Airbus has conducted the maiden flight of its Breakthrough Laminar Aircraft Demonstrator in Europe (BLADE) project. Under the European Union sponsored Clean Sky BLADE programme it is assessing the feasibility of introducing laminar-flow technology to commercial aviation, helping to improve aviation’s ecological footprint, by bringing a 50% reduction in wing friction and up to 5% lower CO2 emissions.
To measure the laminar wings’ performance, Airbus has modified the prototype A340-300, F-WWAI (c/n 001), with two representative transonic laminar outer-wings. The aircraft, dubbed Flight Lab, took off from Tarbes airfield in southern France on September 26 and after a series of successful tests landed back at Airbus’ Toulouse/Blagnac facility after being airborne for 3hrs 38mins. The extensive modifications to the A340-300, included its outer wings and fitting a highly complex flight-test-instrumentation station in the cabin. The alterations took 16 months to complete at Tarbes and involved support from numerous industrial partners across Europe.
The wings have been fitted with hundreds of sensors to help engineers determine how stresses and strains during flight influence the laminarity – the first time it has used such a testing method. Other ‘firsts’ are the use of infrared cameras inside a pod to measure wing temperatures and an acoustic generator that assess the influence of acoustics on laminarity. There is also an innovative reflectometry system, which evaluates overall deformation in real-time during the flight.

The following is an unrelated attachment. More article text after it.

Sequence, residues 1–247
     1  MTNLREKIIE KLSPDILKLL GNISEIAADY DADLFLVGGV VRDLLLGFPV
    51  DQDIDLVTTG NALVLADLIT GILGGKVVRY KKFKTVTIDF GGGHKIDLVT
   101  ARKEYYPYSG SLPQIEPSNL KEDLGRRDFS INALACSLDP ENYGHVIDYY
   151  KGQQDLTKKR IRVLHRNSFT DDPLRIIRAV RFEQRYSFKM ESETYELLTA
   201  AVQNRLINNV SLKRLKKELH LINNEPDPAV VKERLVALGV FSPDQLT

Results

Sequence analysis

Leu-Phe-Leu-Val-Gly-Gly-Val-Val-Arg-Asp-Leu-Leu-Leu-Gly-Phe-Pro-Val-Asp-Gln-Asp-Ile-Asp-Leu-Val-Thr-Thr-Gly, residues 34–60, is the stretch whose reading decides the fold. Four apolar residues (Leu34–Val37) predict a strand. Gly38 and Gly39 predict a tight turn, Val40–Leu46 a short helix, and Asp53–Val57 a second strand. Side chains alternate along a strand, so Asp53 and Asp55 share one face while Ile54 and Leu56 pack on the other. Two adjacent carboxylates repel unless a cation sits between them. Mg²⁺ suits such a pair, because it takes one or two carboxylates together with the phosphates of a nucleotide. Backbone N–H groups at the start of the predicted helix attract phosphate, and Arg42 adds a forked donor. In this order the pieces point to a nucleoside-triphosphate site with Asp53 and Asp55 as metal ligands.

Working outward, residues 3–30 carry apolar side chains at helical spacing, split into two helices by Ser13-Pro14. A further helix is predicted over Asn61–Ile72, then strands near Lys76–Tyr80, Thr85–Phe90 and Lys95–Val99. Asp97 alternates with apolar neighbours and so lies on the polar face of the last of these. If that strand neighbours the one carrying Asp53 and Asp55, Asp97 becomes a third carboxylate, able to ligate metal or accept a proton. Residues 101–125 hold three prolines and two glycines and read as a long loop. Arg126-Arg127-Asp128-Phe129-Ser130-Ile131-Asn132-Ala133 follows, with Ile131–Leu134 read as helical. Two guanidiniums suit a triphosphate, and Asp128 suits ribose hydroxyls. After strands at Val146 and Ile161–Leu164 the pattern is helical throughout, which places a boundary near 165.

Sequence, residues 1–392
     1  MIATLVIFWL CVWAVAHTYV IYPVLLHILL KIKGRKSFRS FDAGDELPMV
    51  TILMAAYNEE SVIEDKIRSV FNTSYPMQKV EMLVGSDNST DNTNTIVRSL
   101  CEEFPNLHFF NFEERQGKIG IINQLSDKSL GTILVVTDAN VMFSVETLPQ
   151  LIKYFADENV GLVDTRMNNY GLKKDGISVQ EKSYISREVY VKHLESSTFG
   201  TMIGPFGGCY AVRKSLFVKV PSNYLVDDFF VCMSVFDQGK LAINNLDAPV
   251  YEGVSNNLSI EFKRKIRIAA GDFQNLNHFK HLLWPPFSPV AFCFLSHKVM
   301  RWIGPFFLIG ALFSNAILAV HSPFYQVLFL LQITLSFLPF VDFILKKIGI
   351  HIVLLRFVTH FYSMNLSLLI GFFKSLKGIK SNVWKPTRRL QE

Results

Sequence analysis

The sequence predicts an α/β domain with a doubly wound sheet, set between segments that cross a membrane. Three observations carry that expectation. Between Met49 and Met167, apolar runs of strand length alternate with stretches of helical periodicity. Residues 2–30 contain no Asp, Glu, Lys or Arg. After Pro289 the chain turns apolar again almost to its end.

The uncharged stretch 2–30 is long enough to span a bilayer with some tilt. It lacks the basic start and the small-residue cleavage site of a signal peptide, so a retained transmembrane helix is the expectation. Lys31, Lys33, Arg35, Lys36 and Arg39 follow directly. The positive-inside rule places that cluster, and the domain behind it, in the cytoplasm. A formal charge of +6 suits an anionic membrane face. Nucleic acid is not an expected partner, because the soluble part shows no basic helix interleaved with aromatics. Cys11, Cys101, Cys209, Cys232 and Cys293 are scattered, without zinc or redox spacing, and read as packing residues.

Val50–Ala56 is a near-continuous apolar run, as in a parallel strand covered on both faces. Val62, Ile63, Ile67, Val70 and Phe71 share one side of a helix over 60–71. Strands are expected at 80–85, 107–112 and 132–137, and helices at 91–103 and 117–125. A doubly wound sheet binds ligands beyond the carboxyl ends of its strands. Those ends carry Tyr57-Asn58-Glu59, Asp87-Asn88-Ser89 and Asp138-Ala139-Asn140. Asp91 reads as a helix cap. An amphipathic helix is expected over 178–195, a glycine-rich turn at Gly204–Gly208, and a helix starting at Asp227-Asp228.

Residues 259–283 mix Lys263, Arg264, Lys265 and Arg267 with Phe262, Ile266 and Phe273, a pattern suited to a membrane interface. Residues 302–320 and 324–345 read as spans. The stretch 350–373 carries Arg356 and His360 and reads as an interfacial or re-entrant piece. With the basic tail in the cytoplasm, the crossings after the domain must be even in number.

A key goal of the BLADE test is to be able to calculate the tolerances and imperfections that can be present without affecting laminarity. To this end, Airbus will simulate every type of imperfection in a controlled manner, so that at the end of the flight test programme the tolerances for building a laminar wing will be fully known. The manufacture says the Flight Lab will perform around 150 flight hours over the coming months.